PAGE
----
PSoC 5 Port Of the Grbl 1.1 CNC Controller

Image from Cypress

Image from Cypress

Grbl

Grbl Logo 250px

 

Grbl is a high performance CNC controller.  It is used on a lot of small scale CNC machines and is the motion control code behind a lot of 3D printers.  It was originally targeted at the Arduino 328p hardware (UNO). It is developed  by Sungeun “Sonny” Jeon. He is a good friend.  He is always very helpful and this port would not have been possible without the quality of his code and his advice.

PSoC Mixed Signal Controller

I love working with the PSoC (Programmable System on Chip) family of micro controllers.  You can configure them on the fly with many analog and digital components.  The analog components are not basic ADCs and DACs, you have OpAmps, PGAs,  filters, MUXs and more.  The digital blocks includes basic logic gates, all the way up to FPGA like components you program yourself in Verilog..  There are over 200 ready to use components you can wire together on the chip.

I have always used them for small prototype projects, but wanted to test my skills by porting a major project like Grbl.  At the same time I wanted to take advantage of the features of the PSoC. The dev board I used was the CY8CKIT-059.  This has ARM Cortex M3 processor a lot of I/O and costs less than $10! It has a built in programmer and debugger.

OLYMPUS DIGITAL CAMERA

PSoC Advantages

Here is a comparison between the the ATMega 328p (Arduino UNO) and the PSOC5

PSoc 5

ATMega328p (UNO)

CPU

32 bit

(ARM Cortex M3)

8 bit

Speed

Up to 80MHz

16MHz Typ.

Flash (program size)

256k

32k

RAM

64k

2k

EEPROM

2k

1k

I/O

up to 62

14

Flexibility

Grbl’s flexibility allows you to tailor it to your hardware.  With a few limitations, you can move the pins around and change things like whether switches are active low or high.  This is all done using #define values in configuration files.  That is great, but the code gets a little messy every time you access hardware. It has to do a little logic gymnastics each time.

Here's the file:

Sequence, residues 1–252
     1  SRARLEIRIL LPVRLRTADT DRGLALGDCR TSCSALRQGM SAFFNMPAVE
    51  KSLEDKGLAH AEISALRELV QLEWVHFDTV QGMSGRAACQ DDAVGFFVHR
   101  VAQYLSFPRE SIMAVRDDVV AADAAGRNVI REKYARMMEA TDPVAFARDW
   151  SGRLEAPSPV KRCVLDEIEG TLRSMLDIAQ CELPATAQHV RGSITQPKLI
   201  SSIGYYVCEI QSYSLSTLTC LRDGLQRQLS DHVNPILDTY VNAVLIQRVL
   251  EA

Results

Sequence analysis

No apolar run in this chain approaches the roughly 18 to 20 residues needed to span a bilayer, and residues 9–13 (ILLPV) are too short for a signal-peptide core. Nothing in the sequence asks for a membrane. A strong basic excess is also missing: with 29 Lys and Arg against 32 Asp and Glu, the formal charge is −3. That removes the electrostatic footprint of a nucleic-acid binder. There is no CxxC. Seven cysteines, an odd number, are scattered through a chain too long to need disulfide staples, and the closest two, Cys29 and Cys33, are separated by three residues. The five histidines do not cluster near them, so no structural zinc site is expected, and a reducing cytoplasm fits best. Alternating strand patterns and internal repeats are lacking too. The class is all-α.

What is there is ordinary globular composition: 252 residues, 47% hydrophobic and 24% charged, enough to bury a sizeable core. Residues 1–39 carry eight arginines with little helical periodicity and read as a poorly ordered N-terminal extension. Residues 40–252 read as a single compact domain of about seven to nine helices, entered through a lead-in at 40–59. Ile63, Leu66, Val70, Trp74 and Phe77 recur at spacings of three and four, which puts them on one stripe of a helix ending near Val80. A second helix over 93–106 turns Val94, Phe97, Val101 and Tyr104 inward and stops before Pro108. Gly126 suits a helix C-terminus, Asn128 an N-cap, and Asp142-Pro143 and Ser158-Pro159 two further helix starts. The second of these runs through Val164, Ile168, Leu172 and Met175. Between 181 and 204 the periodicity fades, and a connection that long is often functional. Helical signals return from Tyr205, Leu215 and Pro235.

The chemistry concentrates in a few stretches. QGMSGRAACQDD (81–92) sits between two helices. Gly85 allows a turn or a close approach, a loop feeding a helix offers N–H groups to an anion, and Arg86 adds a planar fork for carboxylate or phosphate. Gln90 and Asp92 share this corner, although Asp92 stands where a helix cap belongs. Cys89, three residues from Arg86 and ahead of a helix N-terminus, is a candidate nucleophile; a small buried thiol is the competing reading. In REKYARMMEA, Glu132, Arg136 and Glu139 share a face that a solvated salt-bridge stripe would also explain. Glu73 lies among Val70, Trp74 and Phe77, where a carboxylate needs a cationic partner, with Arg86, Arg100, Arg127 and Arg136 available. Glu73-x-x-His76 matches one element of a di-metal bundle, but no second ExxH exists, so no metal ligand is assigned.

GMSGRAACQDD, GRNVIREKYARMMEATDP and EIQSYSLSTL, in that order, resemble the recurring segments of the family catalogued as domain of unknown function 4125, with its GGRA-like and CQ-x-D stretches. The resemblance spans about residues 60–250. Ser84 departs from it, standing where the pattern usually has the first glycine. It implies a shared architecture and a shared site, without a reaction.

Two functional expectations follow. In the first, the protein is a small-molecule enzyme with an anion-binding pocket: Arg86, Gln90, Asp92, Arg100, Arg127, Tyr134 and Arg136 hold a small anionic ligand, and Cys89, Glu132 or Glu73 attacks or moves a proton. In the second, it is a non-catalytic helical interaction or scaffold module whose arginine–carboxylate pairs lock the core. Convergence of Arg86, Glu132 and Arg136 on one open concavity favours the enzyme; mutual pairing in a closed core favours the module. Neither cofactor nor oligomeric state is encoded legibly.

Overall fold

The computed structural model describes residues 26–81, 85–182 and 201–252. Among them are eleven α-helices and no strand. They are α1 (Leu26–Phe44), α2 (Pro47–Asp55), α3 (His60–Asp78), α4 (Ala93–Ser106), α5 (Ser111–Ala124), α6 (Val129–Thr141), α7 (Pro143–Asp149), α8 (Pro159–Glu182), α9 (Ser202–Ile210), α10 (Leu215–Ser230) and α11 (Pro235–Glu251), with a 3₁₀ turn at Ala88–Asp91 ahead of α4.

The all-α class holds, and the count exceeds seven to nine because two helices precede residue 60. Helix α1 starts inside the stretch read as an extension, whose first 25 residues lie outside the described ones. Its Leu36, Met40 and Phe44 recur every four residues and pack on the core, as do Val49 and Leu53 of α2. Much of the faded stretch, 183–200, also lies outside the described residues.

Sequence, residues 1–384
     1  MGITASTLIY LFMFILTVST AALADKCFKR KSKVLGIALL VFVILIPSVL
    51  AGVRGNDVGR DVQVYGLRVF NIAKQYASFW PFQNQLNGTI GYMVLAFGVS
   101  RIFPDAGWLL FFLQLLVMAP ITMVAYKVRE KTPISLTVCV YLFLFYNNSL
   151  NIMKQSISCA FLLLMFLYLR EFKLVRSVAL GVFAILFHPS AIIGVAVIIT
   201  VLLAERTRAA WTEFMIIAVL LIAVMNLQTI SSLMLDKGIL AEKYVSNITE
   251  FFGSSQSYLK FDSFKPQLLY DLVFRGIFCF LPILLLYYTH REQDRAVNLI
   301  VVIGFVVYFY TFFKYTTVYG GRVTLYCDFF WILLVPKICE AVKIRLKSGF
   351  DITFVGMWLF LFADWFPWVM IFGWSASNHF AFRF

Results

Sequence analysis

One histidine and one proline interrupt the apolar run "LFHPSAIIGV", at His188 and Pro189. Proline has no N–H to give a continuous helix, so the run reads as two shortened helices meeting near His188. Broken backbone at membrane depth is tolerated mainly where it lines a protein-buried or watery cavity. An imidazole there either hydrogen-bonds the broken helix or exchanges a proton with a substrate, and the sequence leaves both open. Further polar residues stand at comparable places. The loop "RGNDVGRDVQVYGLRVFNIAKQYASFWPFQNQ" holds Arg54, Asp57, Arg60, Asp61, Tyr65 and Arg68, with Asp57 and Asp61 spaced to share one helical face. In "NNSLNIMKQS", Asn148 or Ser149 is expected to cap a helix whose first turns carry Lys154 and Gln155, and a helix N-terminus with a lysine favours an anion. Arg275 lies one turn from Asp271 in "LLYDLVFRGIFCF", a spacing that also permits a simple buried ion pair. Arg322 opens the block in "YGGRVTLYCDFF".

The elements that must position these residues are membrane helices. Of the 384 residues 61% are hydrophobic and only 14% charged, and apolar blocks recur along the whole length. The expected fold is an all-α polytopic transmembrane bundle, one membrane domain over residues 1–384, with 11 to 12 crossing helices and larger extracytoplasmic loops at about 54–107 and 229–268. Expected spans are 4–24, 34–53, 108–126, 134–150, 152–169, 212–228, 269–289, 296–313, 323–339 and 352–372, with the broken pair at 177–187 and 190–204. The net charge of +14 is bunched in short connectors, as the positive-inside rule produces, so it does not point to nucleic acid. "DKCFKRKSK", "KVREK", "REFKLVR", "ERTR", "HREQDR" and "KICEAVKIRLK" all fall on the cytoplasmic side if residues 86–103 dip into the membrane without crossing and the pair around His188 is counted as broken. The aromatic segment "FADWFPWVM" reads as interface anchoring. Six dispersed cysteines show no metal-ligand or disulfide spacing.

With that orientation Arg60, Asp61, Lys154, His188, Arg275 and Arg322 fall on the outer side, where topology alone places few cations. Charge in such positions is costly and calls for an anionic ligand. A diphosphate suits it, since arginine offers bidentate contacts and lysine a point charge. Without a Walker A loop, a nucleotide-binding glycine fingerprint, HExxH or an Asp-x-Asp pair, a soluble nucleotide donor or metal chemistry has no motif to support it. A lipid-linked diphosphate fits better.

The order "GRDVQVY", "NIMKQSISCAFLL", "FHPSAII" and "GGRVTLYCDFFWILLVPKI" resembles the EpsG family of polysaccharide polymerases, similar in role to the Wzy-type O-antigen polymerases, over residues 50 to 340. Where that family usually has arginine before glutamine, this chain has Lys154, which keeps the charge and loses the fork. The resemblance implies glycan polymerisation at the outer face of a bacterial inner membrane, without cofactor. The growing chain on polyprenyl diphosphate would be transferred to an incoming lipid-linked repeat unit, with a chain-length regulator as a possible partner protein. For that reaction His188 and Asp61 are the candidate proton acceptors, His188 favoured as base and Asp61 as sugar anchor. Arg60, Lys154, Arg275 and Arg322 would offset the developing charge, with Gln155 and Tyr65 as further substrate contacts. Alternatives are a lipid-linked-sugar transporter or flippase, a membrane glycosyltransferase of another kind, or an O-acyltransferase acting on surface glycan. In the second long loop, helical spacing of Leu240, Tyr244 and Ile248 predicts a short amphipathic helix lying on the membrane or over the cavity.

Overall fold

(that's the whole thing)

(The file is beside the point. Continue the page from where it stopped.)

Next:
With PSoC you can do all of that in a visual schematic and pin wiring feature.  Here is a PDF of my schematic.  Have you ever swapped transmit and receive on a UART? In PSoC you can just swap the pins on the schematic.

Here is an example of the difference in firmware code.

Grbl on 328p

uint8_t limits_get_state()
{
 uint8_t limit_state = 0;
 uint8_t pin = (LIMIT_PIN & LIMIT_MASK);

 if (bit_isfalse(settings.flags,BITFLAG_INVERT_LIMIT_PINS)) { pin ^= LIMIT_MASK; }

 if (pin) {  
   uint8_t idx;
   for (idx=0; idx<N_AXIS; idx++) {
     if (pin & get_limit_pin_mask(idx)) { limit_state |= (1 << idx); }
   }
 }
 return(limit_state);
}

Grbl on PSoC

uint8_t limits_get_state(){  
 return Status_Limit_Read();
}

 

Special Hardware Usage

I used some special features to move functions out of code and onto the hardware.  One of them was the step pulse.  Stepper drivers typically require a pulse of a minimum length to take a step.  In normal hardware you have to raise the pin, then figure out a way to turn it off after a given period of time.  This is typically done via an interrupt.  It works fine, but the code is messy and interrupts can cause timing issues.  PSoC  control registers have a pulse feature that automates this. You attach a clock and the clock determines the length of the pulse.  The code sets it and the hardware clears it.  It looks like this on the schematic.

step_pulse

 

Another feature I used was hardware switch debouncing.  This can be done completely in hardware.  See the image below.  The clock sets the debounce time.  The debouncers are all fed into a status register where they are read  as a single value.  There are digital “nots” after the debouncers because my switches close to ground.  The firmware could invert the logic, but it is so much easier to read on the schematic. It then feeds an interrupt.